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Bud Grossmann’s
Words of the Week
for the Week of
July 8, 2018

Published as Family History
in a Gramma Letter
dated July 9, 1996

© 1996, 2018 by Bud Grossmann.
Portions © 1996 by Alice Porter Metcalf
Used By Permission
All Rights Reserved.

Evening Storm (2011)
  Evening Storm (2011)
© 2011 by Bud Grossmann


Tuesday, July 9, 1996

Dear Gramma,

      People have their reasons, I guess, for not writing out their memoirs.

• Who would ever read them? • I’m not much of a writer, really. • Oh, the past is best left undisturbed. • I’ll maybe write something for the grandkids someday, but I’m awful busy just now....

      Four years ago, through my friend Katharine English, I met a retired Oregon schoolteacher named Alice Porter Metcalf. Alice is the mother of Janet Metcalf, the woman with whom Katharine shares her life and home. Alice and I spent a morning together as we shepherded my two kids through Walt Disney World while Katharine and my wife Frances attended a professional seminar. Our families had combined a business trip with vacation time.

      Alice had a colorful, candid style of expression. I thought the stories she told me were worth preserving, but when I asked if she ever wrote them down, she just laughed. About a year later, I mailed Alice one of my stories—a piece featuring a fictional schoolteacher—and tried to coax her into putting some of hers into print. She sent back a polite note. “No, Bud,” she said, “I’ve written my very last ‘paper.’ You write. I’ll read.”

      When another year had passed and I had begun my routine of composing weekly letters to you, Gramma, I sent Alice one of those letters and again asked if she’d write, too. She repeated her refusal. But she told me, “I believe in the written word. Somehow it means more than any telephone call. You can’t get out a telephone call, like you can a saved letter to re-read if that’s what you need. Yes, I like words on paper.”

      One more year slipped past us. Last Christmas, Katharine bought a Gramma Letters subscription for Alice. I don’t think I nagged, but every letter includes a Response Page, and Alice began pushing her pen across those pages. “Yes, Bud Grossmann,” she said, “you can finally be so persistent that I will be writing—some.”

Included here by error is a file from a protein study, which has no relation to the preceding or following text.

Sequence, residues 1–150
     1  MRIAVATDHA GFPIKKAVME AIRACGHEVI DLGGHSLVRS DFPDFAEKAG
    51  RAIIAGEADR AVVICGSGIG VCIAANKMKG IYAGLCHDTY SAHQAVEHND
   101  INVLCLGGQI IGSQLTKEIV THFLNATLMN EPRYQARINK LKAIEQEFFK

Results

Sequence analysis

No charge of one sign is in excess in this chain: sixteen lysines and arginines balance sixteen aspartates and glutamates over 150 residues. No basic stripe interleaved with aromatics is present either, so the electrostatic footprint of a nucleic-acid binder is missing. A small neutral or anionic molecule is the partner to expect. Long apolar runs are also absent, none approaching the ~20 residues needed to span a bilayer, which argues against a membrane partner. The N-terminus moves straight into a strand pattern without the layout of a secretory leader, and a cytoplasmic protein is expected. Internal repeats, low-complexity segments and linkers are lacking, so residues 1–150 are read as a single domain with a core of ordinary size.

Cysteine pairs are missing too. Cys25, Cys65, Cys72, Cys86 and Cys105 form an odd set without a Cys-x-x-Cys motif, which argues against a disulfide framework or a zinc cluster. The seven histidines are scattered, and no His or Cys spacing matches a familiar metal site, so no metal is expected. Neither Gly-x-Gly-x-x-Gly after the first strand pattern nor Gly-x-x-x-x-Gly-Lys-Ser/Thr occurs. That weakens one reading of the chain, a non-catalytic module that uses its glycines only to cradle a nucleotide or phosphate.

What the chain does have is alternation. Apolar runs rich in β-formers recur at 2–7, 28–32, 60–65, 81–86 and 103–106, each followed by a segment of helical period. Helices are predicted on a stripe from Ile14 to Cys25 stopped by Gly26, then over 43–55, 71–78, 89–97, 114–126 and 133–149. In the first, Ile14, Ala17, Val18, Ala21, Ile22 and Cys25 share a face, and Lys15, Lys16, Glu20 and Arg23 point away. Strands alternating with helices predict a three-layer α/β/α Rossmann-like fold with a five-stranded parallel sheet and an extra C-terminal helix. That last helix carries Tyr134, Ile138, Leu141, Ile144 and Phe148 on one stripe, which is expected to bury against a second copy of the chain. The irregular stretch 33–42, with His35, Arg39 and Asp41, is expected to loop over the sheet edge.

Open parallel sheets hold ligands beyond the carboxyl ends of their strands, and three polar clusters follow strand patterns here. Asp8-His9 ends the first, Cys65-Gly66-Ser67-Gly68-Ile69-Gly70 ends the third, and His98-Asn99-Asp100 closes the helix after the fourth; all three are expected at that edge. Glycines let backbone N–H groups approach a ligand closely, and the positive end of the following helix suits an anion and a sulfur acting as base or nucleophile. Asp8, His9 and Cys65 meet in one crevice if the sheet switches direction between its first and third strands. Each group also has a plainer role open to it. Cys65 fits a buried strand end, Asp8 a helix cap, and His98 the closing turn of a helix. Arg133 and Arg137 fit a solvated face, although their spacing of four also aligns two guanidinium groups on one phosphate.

Well, it’s been more than some, I’ll tell you that. In half a year’s time, Alice has produced plenty of prose about her North Dakota childhood and the years that have followed. Here are a few of her lines:

• I am a genuine prairie product. There is nothing urban about the whole state of North Dakota.... • Social dancing was absolutely my life in high school and college. If a week passed without going to at least one dance, I was bereft.... • About the unpredictable effects of alcohol?! Well, yes! I know some things about that—some never to be related! However, ... • Now, after five years, this rose rocks the neighborhood. It blooms a magnificent bushel basket of red, red blossoms, on top of a stately trunk.... • I can remember the coats they took off were frozen solid and would stand alone....I’ve never been able to shut out that woman’s moans as Mom tried to warm her feet.... • Every year Dad gave me a poor orphan piglet to raise for my own.... A good scrubbing with warm or cold water was Peter Pig’s delight.... He didn’t lick, like dogs do, he didn’t slobber, and his grunts were wonderful to hear....

      Pages and pages of crisp, clear memories have flowed forth from Alice’s head and heart. But, alas, she soon shall cap her ink pen for the last time—pancreatic cancer is taking Alice from her beloved husband Larry and from her family and friends.

      Those of us she leaves behind will find comfort in photos and roses, in favorite recipes and a hundred other reminders of Alice’s good life. I have an idea, though, that Alice’s stories—many written in longhand on lined paper like her students once used—will be among the most cherished of her bequests.

– • –

      I thank you, dear Gramma, for a letter I received last week. Aunt Dorie helped you with it, and I was glad to get all the news.


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